🔹 Geese overrun NJ park

🔹 Locals say longtime issue

🔹 Lethal plan upsets some

PEAPACK-GLADSTONE — Another New Jersey town has opted to resort to a controversial way to get rid of nuisance Canada geese — rounding them up and killing them with carbon dioxide.

Members of the Peapack and Gladstone Borough Council voted in March to enter a contract with federal wildlife officials.

Specifically, the "culling" would be carried out by the U.S. Department of Agriculture Wildlife Services, during early summer, when geese were molting and unable to fly away.

The plan to kill geese and the method, while sanctioned by the USDA, has been criticized by animal activists as being cruel and inhumane.

In a joint statement, elected officials in the Somerset County community said the goose population at a local park was an “infestation” that has worn on residents for 20 years.

ARCHIVE - Liberty Park in Peapack-Gladstone NJ (Google maps)
ARCHIVE - Liberty Park in Peapack-Gladstone NJ (Google maps)

Spring Lake used the same method in 2022 to kill a flock of geese there, as did Edgewater officials in 2016.

The same strategy was also used in Mount Laurel to rid the community of invasive geese 14 years ago, New York Times reported.

“The Borough has tried every reasonable, humane effort to discourage these animals from occupying our Park. Some have worked temporarily, but none have provided a permanent solution,” Peapack-Gladstone officials said in a written statement, following the council vote.

"The park and its pond are a fully man-made development that is too small to support a population of up to 60 geese in a way that is compatible with safe and enjoyable use by our residents," borough officials continued.

Peapack-Gladstone NJ (Google maps) plan to kill geese
Peapack-Gladstone NJ (Google maps)

Canada Geese, on average, drop up to one and a-half-pounds of feces every day, according to the Deal Lake Commission, which has been treating goose nests along the lake as a means of population control under its own federal contract last year.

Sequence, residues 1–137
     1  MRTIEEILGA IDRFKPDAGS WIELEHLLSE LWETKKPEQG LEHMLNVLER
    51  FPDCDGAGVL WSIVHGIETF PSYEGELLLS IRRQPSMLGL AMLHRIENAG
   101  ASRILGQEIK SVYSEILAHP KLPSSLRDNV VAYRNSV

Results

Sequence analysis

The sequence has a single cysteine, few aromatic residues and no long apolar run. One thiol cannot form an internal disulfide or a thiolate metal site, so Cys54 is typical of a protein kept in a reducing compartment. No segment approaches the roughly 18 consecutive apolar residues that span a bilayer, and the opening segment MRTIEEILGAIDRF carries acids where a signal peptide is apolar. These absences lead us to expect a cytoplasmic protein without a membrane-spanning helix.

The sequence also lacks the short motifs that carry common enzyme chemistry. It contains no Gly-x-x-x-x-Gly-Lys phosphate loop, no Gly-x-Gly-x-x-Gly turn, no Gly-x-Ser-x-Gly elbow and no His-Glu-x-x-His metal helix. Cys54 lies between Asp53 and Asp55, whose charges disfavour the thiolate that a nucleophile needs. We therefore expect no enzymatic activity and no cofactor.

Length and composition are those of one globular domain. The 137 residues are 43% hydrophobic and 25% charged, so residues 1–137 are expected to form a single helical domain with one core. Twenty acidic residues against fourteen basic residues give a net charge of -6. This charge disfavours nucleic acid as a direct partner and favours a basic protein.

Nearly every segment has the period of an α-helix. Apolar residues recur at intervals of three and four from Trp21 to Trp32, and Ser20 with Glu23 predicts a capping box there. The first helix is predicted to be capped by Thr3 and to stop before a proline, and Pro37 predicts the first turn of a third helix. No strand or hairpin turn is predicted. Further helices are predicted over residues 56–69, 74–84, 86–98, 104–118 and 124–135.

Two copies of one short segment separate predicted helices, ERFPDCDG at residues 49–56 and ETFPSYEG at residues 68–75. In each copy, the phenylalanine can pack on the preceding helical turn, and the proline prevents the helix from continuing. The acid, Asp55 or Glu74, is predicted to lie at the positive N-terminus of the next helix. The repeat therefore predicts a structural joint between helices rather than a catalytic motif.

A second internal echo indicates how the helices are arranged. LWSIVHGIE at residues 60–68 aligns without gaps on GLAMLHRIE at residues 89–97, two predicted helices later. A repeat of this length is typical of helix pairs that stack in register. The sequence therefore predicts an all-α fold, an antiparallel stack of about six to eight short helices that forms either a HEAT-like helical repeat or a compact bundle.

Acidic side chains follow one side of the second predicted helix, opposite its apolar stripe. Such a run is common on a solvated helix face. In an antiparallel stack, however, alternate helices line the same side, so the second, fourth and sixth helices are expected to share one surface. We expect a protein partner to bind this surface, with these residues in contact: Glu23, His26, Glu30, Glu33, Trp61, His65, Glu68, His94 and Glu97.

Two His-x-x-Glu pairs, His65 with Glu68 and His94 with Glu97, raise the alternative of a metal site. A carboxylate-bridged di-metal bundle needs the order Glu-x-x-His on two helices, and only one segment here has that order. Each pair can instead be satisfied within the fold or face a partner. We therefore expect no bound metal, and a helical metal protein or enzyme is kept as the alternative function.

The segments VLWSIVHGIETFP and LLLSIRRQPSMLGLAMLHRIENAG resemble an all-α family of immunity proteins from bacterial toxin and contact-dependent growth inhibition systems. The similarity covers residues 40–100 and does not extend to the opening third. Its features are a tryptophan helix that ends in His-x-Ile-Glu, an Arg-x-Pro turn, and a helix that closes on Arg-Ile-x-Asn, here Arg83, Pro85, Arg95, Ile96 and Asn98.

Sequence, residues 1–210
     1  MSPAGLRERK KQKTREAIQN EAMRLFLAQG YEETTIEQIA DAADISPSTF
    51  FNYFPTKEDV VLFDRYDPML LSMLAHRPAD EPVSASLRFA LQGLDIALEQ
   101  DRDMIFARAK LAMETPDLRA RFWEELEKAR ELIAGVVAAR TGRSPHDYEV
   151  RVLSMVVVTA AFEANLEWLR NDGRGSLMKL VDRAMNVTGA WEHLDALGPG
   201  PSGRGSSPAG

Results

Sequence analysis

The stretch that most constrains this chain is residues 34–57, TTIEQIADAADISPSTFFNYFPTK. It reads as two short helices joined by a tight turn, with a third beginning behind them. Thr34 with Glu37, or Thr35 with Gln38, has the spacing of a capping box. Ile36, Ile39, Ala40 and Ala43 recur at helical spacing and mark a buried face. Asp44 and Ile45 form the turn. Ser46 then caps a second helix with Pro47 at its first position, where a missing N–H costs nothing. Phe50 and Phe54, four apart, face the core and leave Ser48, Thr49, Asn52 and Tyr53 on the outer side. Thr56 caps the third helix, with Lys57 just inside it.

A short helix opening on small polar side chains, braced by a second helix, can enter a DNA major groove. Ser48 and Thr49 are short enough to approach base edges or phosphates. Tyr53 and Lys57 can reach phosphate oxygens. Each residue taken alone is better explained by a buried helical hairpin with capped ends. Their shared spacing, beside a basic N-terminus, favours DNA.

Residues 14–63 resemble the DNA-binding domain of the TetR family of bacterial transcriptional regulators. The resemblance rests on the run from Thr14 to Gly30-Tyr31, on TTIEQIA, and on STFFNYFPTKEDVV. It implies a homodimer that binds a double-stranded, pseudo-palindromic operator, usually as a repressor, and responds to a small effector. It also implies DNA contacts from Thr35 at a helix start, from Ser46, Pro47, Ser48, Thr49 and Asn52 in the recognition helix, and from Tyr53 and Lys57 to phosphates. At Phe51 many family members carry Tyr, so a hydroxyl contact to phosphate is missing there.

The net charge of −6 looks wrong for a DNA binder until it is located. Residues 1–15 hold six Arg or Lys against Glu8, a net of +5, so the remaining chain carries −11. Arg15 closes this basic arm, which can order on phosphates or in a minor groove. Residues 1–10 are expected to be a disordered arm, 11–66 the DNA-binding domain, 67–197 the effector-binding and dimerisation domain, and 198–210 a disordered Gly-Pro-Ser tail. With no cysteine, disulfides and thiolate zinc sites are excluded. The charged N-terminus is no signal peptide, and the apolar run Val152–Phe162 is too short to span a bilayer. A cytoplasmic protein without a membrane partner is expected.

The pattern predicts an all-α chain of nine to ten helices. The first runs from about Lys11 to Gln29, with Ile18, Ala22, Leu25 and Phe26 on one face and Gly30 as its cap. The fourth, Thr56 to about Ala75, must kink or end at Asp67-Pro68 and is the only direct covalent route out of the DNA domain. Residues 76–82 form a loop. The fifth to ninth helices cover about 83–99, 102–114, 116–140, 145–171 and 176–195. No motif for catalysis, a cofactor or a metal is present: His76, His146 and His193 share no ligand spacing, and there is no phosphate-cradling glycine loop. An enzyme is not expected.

Droppings can carry harmful bacteria, and are also a strong source of phosphorus and nitrogen in waterways.

"There is clearly an overpopulation issue, which leads to the spread of disease and degradation of the environment," Peapack-Gladstone officials also said, adding they would use other, non-lethal deterrents to keep new geese from moving back into the area.

"Their behavior and excrement are a threat to Park users, both human and animal," the joint statement continued.

The Department of Environmental Protection said the 2023 resident Canada goose population in New Jersey was estimated to be 63,485 birds.

“Efforts to reduce goose populations often are undermined by people who feed the birds, which often concentrates them near heavy human-use areas,” according to a DEP article about the species’ high numbers in NJ.

The same report added overcrowding also increases the chances of avian disease among such a bird population.

Following the borough's approval of a lethal plan to remove the geese, a group called "Save the Liberty Park Canada Geese in Peapack-Gladstone" held a protest at the park late last month.

One of its members spoke on video about their appeal for the community to change course:

Camille Dicarlo calls for the humane treatment of Canadian Geese in Peapack NJ from MaryLynn Schiavi on Vimeo.

The Animal Protection League of New Jersey was a driving force behind the grassroots effort against the plan to kill geese, and supporters attending recent council meetings, to voice non-lethal options.

Following passionate feedback the borough would be "trying two additional measures to evaluate if they will help mitigate the geese infestation."

The use of a geese-repellent product called “Flock Free” and a drone to "rouse and hopefully disburse the flock from the area" would be used in addition to the active contract with the USDA, Corigliano said in an email to NJ 101.5.

"Unlike the border collies used in the past, the drone can follow the geese over the pond as well as across the street to ballfields where the geese feed," Peapack and Gladstone Council President John Sweeney added in a separate response on May 21.

Federal biologists would still be monitoring the population and "potentially remediating the flock in the future should these measures not work fully," Corigliano added.

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